Poetry as a vocal and communal art has been greatly underused during the last hundred years. In ancient times poetry was a vital part of the oral tradition. Celtic bards and Nordic skalds held stockpiles of poems and stories in their heads, what Anglo-Saxon poets called their “word hoard”. With the coming of literature things changed as our culture began to be stored in books rather than in poets’s memories – though the old methods used for remembering, such as rhyme, repetition and assonance remained. What we have today is an extraordinary resource for students of both public speaking and healing. By reciting and learning poems by heart we get to practice and become comfortable with the idea of public speaking (and developing our per-sona, the sound by which we are known). By delivering poems with confidence and authority as healers, and therapists we save time, get to the point and circumvent blocks and defences.  

Robert Bly, the American poet and doyen of the men’s movement (specializing in emotional development for men) says that when poetry is spoken aloud people feel connected, in company. This is true, the act of oration creates a speaker-audience relationship with all its demands and expectations. More importantly a poem is a highly focused piece of ‘sense’, a handy bite-sized chunk of words that can be memorised, played with, practised and ultimately delivered. Furthermore the musicality and rhythmic qualities of poetry are psycho-active in the same way that a great piece of music or a shamans drum or rattle stimulates the emotions and ‘loosens up” the unconscious. A poem in the right hands is a very powerful tool.

Learning poems by heart is a great way to practice making meaningful sound – and effective delivery is all about practice. The late Nicholas Albery made a point of learning a poem every day! We don’t have to go that far but those who’ve tried the discipline report some startling results. Firstly diction improves – the tongue is a muscle and like biceps or deltoids, it benefits from exercise. Secondly, vocal skills and presence increase exponentially. In exactly the same way as children practise whistling or humming, we can practise more sophisticated techniques – pausing for effect, variations of speed and pitch, heightened emotional ‘weight’ and lowered or raised volume, to name but a few. Perhaps most importantly, by learning to deepen our breathing, we can drop the voice into our chest, giving it both power and colour. In this way we can learn to embody our chosen poems, to really enter into the pieces we read.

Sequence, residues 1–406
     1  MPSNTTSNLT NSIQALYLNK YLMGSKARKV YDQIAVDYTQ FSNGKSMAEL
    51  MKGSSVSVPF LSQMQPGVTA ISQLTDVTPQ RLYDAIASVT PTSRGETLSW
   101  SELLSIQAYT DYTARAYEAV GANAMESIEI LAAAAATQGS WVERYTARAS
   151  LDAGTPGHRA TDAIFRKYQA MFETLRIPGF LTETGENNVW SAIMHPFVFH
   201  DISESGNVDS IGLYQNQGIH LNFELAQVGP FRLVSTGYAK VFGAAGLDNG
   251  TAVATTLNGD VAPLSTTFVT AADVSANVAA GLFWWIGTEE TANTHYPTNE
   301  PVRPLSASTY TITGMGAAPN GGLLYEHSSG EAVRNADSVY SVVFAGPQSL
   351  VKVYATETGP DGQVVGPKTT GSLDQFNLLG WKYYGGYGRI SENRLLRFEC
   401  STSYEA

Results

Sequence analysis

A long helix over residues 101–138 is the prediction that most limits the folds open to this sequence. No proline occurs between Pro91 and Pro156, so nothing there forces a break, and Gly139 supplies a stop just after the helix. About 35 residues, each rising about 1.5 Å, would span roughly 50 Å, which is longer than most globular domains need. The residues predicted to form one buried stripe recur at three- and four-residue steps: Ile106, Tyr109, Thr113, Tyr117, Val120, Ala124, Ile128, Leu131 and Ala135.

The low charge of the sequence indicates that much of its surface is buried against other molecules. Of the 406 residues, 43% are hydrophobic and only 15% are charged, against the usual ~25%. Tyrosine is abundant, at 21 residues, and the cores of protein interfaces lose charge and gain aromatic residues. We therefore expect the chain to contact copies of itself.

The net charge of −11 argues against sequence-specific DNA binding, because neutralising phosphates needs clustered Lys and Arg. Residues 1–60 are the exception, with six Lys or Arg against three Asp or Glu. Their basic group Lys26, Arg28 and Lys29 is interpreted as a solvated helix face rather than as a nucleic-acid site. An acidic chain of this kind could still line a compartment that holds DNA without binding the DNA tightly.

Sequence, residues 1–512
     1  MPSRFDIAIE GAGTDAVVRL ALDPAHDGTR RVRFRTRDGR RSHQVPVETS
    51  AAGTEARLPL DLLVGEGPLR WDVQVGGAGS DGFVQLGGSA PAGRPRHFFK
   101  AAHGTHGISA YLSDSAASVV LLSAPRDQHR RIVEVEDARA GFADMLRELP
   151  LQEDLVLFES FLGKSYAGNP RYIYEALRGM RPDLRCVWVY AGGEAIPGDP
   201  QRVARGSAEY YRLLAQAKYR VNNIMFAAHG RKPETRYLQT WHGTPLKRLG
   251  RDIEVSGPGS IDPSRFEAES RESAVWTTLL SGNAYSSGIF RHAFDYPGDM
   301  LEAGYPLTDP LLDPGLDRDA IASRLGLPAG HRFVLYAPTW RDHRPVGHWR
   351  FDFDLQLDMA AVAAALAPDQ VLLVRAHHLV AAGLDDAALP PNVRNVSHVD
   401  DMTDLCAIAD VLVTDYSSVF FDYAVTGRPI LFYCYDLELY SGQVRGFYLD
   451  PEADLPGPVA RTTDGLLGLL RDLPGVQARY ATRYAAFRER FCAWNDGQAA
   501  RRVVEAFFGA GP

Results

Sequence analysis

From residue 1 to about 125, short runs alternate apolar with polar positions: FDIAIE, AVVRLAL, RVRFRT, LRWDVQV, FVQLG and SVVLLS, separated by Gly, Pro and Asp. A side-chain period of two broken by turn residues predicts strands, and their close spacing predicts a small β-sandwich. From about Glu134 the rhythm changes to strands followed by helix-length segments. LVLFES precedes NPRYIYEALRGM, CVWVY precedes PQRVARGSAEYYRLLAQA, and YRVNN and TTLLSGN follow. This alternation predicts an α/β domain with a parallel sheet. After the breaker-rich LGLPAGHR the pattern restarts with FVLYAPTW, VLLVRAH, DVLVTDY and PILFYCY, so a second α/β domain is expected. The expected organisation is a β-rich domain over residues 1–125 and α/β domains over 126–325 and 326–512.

If you don’t want to learn reams of poetry, of course, you can simply read poems out loud. That said, it is still worth rehearsing: practising grounded delivery, and exercising the muscles of tongue, mouth and throat. Once you have a little privacy, you can begin to play with the piece, the way a musician plays with a tune, repeating it until it ‘sits comfortably in the mouth’. In your spare time you can also read poems out loud (families can be surprisingly supportive once they know what you are about).